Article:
Yale Center for British Art, HHB
(Helmingham Herbal and Bestiary)
|Produced:||Helmingham, Suffolk, ca. 1500|
|Location:||Yale Center for British Art (Yale University), New Haven, CT, USA|
|Dimensions:||Height: 43.1 cm Width: 28.3 cm|
Manuscript herbal and bestiary, in an unidentified hand, completed circa 1500 at Helmingham, Suffolk. The volume comprises 95 drawings of flowers and trees and 49 drawings of animals and birds, giving a remarkable picture of English knowledge of natural history in the Tudor period. The herbal and bestiary are preceded by two scroll alphabets. There are generally four drawings on the recto and verso of each leaf. All drawings are neatly finished in gouache and watercolor, with pen and ink, on parchment throughout. Names of species are written directly above each drawing, in large textura letters in pen and black ink; the initial letter of each species name is written in Lombardic style, in pen and red ink.
In most cases, the plants or animals are not drawn from nature; they are depicted to varying degrees of realism. Where plants have been drawn in a stylized manner, it is in order to portray the essential useful characteristics of each plant. The 95 illustrations of flowers and trees are presented in approximate alphabetical order and depict common species in Britain. The 49 drawings of animals and birds in the bestiary are also in rough alphabetical order, and depict fabulous creatures such as the alde (a purple hound with three-pointed tail and yellow claws), bonacon (a pink horse with yellow horns), koketrice (half rooster, half serpent), and a honicorn (unicorn). Real animals, drawn either from direct observation or as imagined from traveler's reports (occasionally with imaginary attributes), include the ape, hyena, bear, badger, beaver, ibex, rat, and leopard.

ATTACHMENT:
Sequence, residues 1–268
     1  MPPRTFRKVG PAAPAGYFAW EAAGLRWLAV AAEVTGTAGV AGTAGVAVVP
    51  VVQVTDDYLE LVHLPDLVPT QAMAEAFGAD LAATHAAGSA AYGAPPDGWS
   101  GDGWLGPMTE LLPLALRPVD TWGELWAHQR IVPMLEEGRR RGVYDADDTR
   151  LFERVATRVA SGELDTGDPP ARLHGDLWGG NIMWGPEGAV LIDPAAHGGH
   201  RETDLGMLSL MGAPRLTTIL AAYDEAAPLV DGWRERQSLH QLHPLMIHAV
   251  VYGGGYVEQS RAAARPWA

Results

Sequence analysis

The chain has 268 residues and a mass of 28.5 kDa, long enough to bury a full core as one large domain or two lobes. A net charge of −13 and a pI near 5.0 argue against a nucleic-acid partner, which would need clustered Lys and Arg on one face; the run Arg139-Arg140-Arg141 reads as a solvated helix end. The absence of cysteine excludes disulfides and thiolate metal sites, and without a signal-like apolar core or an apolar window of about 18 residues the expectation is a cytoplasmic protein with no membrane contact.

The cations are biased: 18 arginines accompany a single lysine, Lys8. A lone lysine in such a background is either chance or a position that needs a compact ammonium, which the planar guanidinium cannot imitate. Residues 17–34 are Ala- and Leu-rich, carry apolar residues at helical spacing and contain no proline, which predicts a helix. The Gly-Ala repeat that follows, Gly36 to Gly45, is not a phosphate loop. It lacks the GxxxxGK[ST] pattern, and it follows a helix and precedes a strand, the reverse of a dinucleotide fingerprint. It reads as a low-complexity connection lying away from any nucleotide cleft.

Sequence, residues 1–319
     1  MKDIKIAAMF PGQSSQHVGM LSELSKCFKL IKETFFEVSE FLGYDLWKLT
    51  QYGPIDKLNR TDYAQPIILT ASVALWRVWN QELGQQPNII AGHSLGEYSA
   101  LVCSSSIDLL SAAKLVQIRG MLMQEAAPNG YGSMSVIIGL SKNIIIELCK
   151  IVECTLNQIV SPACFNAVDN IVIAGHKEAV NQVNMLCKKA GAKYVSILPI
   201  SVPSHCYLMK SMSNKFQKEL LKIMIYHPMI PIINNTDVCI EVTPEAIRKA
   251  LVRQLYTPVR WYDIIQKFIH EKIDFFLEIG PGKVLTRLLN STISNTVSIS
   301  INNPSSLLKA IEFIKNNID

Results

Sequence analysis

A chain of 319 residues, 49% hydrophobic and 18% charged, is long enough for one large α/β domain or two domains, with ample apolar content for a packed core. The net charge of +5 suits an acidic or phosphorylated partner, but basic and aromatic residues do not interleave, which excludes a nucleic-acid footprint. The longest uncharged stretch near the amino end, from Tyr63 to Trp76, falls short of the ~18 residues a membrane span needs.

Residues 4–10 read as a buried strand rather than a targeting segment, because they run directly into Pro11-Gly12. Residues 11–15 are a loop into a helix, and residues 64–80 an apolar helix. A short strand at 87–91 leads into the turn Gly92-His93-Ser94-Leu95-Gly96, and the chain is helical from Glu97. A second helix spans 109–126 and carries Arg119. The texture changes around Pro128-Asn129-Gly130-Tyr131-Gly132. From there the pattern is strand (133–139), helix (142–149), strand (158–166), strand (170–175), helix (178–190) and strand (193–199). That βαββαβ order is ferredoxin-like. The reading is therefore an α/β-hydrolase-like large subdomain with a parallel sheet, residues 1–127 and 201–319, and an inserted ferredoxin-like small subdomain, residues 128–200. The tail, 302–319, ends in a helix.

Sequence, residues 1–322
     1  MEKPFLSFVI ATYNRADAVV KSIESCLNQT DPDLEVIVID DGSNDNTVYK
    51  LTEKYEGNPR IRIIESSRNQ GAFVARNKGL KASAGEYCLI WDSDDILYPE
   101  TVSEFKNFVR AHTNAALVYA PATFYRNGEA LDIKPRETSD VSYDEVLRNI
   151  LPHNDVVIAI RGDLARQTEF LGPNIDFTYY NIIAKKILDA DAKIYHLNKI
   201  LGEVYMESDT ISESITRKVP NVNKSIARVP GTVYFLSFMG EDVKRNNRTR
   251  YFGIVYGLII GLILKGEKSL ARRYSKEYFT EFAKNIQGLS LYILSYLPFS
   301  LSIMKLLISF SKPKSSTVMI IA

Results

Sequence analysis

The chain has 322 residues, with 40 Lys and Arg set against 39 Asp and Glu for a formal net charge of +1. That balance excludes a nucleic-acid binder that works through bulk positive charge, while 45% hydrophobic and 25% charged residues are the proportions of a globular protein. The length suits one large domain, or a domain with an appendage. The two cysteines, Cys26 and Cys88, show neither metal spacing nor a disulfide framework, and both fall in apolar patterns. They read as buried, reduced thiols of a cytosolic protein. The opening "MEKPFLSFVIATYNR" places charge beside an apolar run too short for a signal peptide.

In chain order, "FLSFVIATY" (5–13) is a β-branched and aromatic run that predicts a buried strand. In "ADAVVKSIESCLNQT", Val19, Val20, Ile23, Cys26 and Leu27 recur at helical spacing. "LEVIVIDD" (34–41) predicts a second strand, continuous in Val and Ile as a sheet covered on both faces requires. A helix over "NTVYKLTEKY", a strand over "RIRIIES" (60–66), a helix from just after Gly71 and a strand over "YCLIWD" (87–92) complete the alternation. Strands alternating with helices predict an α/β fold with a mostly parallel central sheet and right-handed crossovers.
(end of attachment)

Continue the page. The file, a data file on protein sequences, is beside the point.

The present manuscript has a variant twin at the Bodleian Library, Oxford (Bodleian Library. MS Ashmole 1504). The pair are studied together, with photographic facsimiles, in Nicholas Barker's Two East Anglian Picture Books: A Facsimile of the Helmingham Herbal and Bestiary and Bodleian MS Ashmole 1504 (London: Roxburghe Club, 1988). The two manuscripts share nearly identical pictures, with small differences in size, content, and organization. Both manuscripts are loosely connected to contemporary traditions--the Agnus Castus manuscripts in the case of the herbals, and the Hortus Sanitatis for the bestiaries--but there are significant differences in content and style. Barker speculates that they must have been copied from a common source, but the model is now lost or unknown. Printed images in Du¨rer's "St Eustace" and Cranach's "Adam and Eve" served as a model for some of the drawings in the Ashmole manuscript, but no image in the Helmingham herbal and bestiary is copied from those works. The Helmingham herbal and bestiary also lacks illustrations of household goods, present in the Ashmole manuscript. It is clear that the twin manuscripts were both produced in England in the early 16th century, and it is likely that both were at one time together at Helmingham Hall. The present manuscript probably predates Ashmole by about 20 years. [Adapted from the Yale Center manuscript catalog]
Editions and Facsimiles